With their magnificent intricate patterns, stunning colors and superior finish, you would imagine that Persian and Oriental rugs would be made by highly trained professionals using very advanced, complex machinery, high end materials and custom manufactured dyes.
Surprisingly, none of that is true. Hard to believe but Oriental rugs are hand woven on some of the most basic types of looms imaginable.
The material used is usually home spun wool and occasionally cotton or silk and the dyes are extracted from indigenous flora.
Admittedly the weavers are trained but their training does not entail sitting in a classroom learning the theories of weaving.
The art of weaving is passed down from one generation to the next within the same tribe or village, thus preserving the integrity of their art.
Sneak Peak Into The Traditional Art Of Rug Weaving
All you need for a loom are 2 tree trunks and a couple of poles!
That’s true – For nomadic weavers who lived in the mountainous regions in Iran and who were constantly moving in search of greener pastures for their sheep, dismantling the loom and setting it up at every new destination means they have to keep it simple. These nomadic weavers actually weave their magnificent creations using a few poles stretched horizontally between two tree trunks.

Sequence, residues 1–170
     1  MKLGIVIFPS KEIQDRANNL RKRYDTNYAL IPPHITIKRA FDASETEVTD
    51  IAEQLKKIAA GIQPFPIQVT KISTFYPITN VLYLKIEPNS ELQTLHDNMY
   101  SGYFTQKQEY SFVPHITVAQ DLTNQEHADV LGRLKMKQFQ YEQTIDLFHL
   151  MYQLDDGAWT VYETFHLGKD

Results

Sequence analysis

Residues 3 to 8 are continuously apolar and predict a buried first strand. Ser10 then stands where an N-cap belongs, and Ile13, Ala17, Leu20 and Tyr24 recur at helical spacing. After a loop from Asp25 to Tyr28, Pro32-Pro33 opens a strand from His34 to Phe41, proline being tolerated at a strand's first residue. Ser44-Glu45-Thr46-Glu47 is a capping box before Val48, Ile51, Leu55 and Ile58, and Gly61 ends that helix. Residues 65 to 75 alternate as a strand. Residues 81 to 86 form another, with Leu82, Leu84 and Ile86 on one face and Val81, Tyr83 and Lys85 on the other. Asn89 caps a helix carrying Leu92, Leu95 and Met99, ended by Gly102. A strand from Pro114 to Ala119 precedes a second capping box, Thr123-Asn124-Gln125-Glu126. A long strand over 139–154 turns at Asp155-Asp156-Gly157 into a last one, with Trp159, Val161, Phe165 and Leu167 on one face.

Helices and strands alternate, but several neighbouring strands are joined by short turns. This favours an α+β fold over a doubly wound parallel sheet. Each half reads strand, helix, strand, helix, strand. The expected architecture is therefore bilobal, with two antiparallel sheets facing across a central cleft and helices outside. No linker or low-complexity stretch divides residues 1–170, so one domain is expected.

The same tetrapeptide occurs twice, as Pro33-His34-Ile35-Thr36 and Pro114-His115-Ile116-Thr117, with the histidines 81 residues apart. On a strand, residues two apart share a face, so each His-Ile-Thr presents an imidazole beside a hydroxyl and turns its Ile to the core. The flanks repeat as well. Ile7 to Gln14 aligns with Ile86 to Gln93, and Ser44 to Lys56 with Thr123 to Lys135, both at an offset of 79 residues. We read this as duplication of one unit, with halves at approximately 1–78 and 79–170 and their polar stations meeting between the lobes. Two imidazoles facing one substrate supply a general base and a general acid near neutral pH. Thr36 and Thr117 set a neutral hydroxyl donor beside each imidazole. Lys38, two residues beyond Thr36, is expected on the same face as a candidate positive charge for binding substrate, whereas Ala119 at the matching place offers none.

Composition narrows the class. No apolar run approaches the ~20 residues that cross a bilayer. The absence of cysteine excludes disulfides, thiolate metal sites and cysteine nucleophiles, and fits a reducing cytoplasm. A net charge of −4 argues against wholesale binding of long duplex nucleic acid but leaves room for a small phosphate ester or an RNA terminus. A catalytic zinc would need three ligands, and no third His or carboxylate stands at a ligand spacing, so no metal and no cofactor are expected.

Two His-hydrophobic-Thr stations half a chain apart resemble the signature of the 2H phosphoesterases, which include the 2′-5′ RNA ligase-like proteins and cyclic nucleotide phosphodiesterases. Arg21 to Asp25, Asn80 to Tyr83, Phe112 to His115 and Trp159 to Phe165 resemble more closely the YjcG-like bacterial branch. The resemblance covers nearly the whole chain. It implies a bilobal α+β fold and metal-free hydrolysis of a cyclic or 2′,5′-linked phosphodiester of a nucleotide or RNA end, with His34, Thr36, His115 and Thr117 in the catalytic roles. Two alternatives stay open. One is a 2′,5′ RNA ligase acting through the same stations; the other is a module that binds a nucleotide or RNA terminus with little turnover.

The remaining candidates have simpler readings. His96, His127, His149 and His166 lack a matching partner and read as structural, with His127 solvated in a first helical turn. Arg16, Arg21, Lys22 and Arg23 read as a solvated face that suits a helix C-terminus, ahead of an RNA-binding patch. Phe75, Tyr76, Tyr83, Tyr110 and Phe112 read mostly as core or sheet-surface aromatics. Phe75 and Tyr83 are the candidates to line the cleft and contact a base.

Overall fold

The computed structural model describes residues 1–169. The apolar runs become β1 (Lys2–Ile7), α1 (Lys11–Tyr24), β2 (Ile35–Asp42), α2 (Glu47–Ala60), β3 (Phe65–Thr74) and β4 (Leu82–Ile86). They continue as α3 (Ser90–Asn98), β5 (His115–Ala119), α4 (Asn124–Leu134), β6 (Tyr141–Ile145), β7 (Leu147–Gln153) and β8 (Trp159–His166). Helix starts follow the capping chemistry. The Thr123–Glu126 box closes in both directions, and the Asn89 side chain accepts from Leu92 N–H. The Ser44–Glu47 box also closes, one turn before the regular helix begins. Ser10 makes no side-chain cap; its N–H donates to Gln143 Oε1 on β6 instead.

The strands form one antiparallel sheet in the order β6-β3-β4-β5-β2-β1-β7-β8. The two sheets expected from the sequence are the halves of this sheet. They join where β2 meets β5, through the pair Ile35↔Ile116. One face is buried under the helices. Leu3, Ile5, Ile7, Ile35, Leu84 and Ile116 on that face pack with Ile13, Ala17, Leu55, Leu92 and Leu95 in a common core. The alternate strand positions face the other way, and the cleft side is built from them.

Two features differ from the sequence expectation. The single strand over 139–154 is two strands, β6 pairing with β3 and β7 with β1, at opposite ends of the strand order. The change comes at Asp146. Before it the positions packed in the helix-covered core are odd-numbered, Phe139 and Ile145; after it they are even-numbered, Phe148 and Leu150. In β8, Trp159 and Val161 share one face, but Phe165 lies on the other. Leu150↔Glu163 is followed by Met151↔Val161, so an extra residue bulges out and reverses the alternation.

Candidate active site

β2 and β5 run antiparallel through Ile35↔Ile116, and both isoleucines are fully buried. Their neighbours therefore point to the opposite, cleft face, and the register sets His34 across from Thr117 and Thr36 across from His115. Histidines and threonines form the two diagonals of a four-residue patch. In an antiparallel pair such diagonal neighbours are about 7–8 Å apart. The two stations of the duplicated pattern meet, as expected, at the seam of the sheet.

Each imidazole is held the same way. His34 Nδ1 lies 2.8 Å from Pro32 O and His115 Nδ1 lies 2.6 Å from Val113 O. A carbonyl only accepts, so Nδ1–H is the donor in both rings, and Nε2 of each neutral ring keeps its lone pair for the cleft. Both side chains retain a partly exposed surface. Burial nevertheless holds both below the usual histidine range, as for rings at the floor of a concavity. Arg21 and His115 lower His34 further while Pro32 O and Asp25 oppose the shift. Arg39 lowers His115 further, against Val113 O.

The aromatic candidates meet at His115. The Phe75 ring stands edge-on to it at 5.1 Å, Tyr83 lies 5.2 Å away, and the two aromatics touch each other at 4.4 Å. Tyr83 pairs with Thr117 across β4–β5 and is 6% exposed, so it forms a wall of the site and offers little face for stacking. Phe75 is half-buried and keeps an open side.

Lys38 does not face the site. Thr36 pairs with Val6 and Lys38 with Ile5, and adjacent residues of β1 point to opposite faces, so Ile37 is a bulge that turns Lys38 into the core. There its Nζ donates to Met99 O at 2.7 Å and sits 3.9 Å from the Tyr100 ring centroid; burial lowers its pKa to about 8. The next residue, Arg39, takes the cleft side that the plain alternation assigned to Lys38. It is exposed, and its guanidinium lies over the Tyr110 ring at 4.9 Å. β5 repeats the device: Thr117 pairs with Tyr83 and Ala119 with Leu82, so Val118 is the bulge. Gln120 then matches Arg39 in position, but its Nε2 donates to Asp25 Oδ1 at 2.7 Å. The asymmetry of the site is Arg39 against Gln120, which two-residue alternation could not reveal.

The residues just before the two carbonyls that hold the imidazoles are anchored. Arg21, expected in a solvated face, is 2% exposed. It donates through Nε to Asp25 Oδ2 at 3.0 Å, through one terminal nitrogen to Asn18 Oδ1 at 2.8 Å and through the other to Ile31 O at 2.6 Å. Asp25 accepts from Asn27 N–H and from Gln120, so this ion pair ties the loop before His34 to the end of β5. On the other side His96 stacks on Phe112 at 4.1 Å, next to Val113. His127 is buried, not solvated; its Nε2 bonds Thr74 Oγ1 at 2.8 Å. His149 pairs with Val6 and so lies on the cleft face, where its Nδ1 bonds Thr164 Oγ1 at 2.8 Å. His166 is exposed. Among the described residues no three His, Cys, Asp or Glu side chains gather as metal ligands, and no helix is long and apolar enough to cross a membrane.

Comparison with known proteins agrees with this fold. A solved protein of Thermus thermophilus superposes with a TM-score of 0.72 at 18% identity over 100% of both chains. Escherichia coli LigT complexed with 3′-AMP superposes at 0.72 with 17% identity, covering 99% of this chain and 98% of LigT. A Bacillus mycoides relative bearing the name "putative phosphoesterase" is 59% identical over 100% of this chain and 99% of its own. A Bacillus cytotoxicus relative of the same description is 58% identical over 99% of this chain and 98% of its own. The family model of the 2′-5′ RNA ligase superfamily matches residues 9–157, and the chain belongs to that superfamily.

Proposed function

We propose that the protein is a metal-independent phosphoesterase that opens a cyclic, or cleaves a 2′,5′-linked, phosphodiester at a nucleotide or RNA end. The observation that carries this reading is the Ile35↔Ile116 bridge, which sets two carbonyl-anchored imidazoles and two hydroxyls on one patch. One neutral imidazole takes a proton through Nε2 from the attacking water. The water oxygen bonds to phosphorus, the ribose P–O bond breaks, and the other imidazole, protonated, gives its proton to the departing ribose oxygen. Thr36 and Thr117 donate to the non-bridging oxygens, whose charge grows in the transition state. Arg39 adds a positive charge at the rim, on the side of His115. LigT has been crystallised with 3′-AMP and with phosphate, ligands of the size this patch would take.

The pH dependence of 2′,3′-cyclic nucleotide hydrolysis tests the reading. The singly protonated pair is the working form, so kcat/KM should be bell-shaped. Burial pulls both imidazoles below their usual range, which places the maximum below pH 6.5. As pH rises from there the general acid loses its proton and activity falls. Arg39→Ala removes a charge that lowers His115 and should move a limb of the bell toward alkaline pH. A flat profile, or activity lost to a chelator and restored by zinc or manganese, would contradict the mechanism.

The village loom also consists of two vertical posts with 2 horizontal beans stretched between them. The only difference is that these looms are permanent as they do not need to be moved from place to place. This permanent nature of the look allows the village weavers to weave rugs that are of a slightly better quality than the tribal rugs. Some weavers even use vertical looms.
Understanding Warp And Weft Threads
A true Persian and Oriental rug is always hand woven using two types of threads – the warp and the weft. The warp threads run vertically in the north-south direction and the weft threads are the ones that are used in the weaving and they run horizontally or west to east. The weft threads separate the different rows of knots.
To begin with, the warp threads are first passed around the lower beam. Then all the free ends are gathered up together and fixed onto the upper beam. Basically what a loom does is it separates the warp into two sets. This allows the weaver to reverse them after they’ve inserted each weft thread. Once this is done, the intended rug areas are knotted, forming the basis for the pile of the Oriental rugs.
Materials And Dyes Used For Creating Persian and Oriental Rugs
Sheep wool is the most commonly used material in the making of Oriental rugs. The grazing conditions determined the type of wool that was used and ultimately the quality of the rug. In some regions where the sheep wool was not easily available, weavers used camel wool or goat’s wool.
Somewhere down the rug-making centuries, weavers started using cotton because so give the rugs additional stability and durability. Although cotton rugs do not have the finesse that wool rugs do, they last longer making them more cost effective too.
You can also find Oriental rugs made of silk. These look lush and luxuriant not only because of the glossy thread itself but also because the thread is easy to work with and so weavers can make more knots per square inch, enhancing the quality of the rug even more. Silk rugs can be very expensive but they have a beauty and feel that is incomparable.